I'm in the midst of a wardrobe malfunction. All of my clothes have shrunk!
I am at the point where I either need to buy new, bigger clothes, or lose some weight. For 13 weeks I've been hobbled - six of those on crutches. I've gained 10 pounds, and one by one, I've had to abandon pair after pair of pants because they became uncomfortably tight. And I hate tight clothes. Hate. Really really.
When I found out I was going to have surgery, I went to Deseret Industries and purchased three pairs of pants that were at that time a bit too large for me, just in case this happened. It's a good thing; those pants are now the backbone of my sorry wardrobe: a pair of light grey wool slacks, a pair of blue denim jeans, and a pair of tear-away warmup pants. I try not to think about it too much. And I don't. Except for when I am getting dressed or see myself in the mirror wearing the same sorry pair of size %$&! pair of blue jeans. Again.
Now that I'm off crutches and walking better, my activity level is up a bit, but I'm not in any stretch of the imagination ready for vigorous aerobic workouts. So I guess I need to get serious about reducing my calorie intake.
I really really hate diets. Hate them. Really. I guess that's probably an obvious statement to anyone who knows me, since I'm very obviously significantly overweight. I'd like to say that four pregnancies messed up my metabolism. I'd like to blame it on my mother. But I must face the sad fact that I got overweight by overeating. I think I'm somewhat addicted to sugar.
In 2002 I weighed a bit more than I do right now. I was having knee pain (deja vu, anyone?), and went to the doctor. He diagnosed me with Patellar Tracking Syndrome or something fancy like that and sent me to see the physical therapist, who told me that the quadriceps muscles on the front of my thigh were weak, and if I would do certain exercises to strengthen them, my knee pain would go away. He was right. He also pointed out that a gym membership would cost much less per month than visiting him would. So I signed up at one of the gyms in town.
I decided that it was time to get serious, so I also bought the book "Body for Life" and launched a very strict diet program, which seemed to work quite well. For 6 days a week, I balanced my protein and carbohydrate intake, and avoided sugar, white flour, juices, and excessive fats. My diet consisted primarily of oatmeal, brown rice, whole wheat bread, cottage cheese, vegetables, fruit, and lean meats, all carefully proportioned.
The Body for Life program also had detailed exercise guidelines. Six days a week; three days weight training and three days of bust-yer-butt cardio.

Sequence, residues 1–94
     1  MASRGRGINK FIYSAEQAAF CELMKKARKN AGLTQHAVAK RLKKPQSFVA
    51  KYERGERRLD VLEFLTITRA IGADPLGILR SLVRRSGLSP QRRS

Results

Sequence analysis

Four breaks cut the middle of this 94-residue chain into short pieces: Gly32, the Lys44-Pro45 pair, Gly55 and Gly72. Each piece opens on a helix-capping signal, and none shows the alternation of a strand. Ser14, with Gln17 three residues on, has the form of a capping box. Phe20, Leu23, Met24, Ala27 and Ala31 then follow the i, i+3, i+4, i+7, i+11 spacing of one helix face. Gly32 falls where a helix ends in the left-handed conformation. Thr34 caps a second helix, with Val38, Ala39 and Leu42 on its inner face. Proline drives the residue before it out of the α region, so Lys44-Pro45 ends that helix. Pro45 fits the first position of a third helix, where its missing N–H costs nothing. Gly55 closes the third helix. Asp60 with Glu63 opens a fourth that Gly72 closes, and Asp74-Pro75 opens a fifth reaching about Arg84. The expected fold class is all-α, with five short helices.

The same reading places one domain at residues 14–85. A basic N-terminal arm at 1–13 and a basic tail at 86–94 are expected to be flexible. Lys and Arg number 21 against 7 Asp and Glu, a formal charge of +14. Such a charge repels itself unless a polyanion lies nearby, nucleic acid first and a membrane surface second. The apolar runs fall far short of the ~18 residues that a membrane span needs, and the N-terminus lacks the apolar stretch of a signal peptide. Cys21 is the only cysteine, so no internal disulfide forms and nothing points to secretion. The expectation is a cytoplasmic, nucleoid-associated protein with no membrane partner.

From January to July of 2002, I lost 30 pounds. I felt better, I looked better. And then I got complacent. I was still 30 pounds over my ideal weight, but I was doing so well, I figured I could ease off a little. And the desserts crept back in. I maintained weight within 5 pounds for about a year. But since 2003, I've added a few pounds here and there, slowly creeping upward until I've gained more than 20 pounds back. The last 10 weeks of forced inactivity have caused a loss of muscle, which probably means that I could actually be fatter than I was at my heaviest six years ago.
Enough. This injury has made me appreciate the simple feat of walking in a way I never had before. Being 60 pounds overweight certainly hasn't helped my knees, and in fact probably contributed to my current injury. Walking, jogging and clogging on an already bad knee while overweight most likely accelerated the degeneration of the cartilage due to the extra pressure.
I always rationalized that being thin was nice, but that as long as I was active, my weight wasn't a big deal. I always wanted to be thin. All I had to do was look at past pictures to remember what I looked like as a thin person. But I wasn't motivated enough to actually adopt the behaviors that would make me thin.
I think I'm there now.
I guess I'll go with what I know - back to Body for Life, at least the diet part, for the next month until I have the green light to return to normal activity. Time to get that gym membership again so I'll have access to the low-impact cardio machines and all the weight training equipment.
Anybody have tips on ignoring all the 20-something bust-job gym babes that poured themselves into their spandex? If you're one of those women, smack yourself, please.